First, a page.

The Senate today adopted a resolution honoring the late Supreme Court Associate Justice and Secretary General of the 1987 Constitutional Commission Flerida Ruth Romero who passed away last December 8, 2017 at the age of 88.
Senator Richard Gordon, author of Proposed Senate Resolution No. 569, said Romero “devoted her services to improve the lives of her countrymen, and worked tirelessly for the rights of Filipinos.”
Senate Minority Leader Franklin Drilon also served as the co-author of the resolution.
The resolution hailed Romero “for her lifelong service to the country as a public servant in different capacities and as an academic.”
“Her enduring commitment to the country is evidenced by her honest and unquestionable service to several major branches of the government, namely the Executive, the Judiciary and the Constitutional Commission,” the resolution said.
Romero, according to the resolution, was the 5th woman to become a member of the Supreme Court. Appointed by then President Cory Aquino in 1991, she served as an Associate Justice of the high court until her compulsory retirement in 1999.
Before serving in the Supreme Court, Romero also served as the Secretary General of the Constitutional Commission, which drafted the current 1987 Constitution.
The resolution said that in her professional career, Justice Romero was a “well-regarded authority” in the field of Civil Law, and played a key role in drafting of the Family Code of the Philippines.
“She was also a well-respected figure in Labor Law, being the first labor arbitrator under Presidential Decree No. 21, (which created the National Labor Relations Commission during the term of former President Ferdinand Marcos), and an accredited voluntary arbitrator,” the resolution said.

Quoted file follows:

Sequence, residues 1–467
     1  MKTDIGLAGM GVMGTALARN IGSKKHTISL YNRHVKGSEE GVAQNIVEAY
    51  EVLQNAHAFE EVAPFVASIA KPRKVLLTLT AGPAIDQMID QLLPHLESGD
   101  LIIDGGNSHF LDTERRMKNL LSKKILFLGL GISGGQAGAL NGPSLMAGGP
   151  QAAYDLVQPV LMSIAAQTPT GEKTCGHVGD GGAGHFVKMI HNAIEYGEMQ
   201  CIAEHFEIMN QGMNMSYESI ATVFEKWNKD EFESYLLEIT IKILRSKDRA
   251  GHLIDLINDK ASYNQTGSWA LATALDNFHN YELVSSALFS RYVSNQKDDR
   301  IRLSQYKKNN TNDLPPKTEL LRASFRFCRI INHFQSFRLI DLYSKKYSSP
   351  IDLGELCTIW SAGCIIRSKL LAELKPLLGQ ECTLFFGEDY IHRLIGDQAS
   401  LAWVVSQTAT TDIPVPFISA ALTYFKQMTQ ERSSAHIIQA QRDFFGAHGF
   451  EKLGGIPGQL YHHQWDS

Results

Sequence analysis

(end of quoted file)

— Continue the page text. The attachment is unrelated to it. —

The resolution added that Romero led the establishment of the Asian Labor Education Center (now the UP School of Labor and Industrial Relations) at the University of the Philippines, which she headed as Director and Dean from 19862 to 1963.
Apart from her professional achievements, the resolution also said that Romero was “an advocate of the rights of women and children,” and headed the Philippine delegation to the 1975 International Women’s Year Conference in Mexico. For her various efforts, she received the Gintong Ina Award in 1995.
She also held key positions in several prominent local and international organizations, such as the International Association of Women Judges, and the Philippine Women Judges Association of the Philippines.
The resolution also cited Romero’s achievements in the academe, who was “the author of numerous scholarly works,” the late justice also taught at the UP College of Law, where Gordon, Drilon and Senate President Aquilino “Koko” Pimentel III were her students.
“She also created media programs to popularize the law… As a host on radio call-in shows, she answered listener’s questions about the law to make it more accessible to the people,” the resolution added.
“Justice Romero had many opportunities to leave public work and pursue a lucrative practice in the private sector. However, her love for country and dedication to public service compeller her to remain in the public sector to serve her countrymen,” Gordon said in the resolution.
Romero was born in Tondo, Manila on August 1, 1929. An alumni of the University of the Philippines College of Law in 1952, she also earned her master’s degree from the Indiana University – Bloomington Maurer School of Law. ###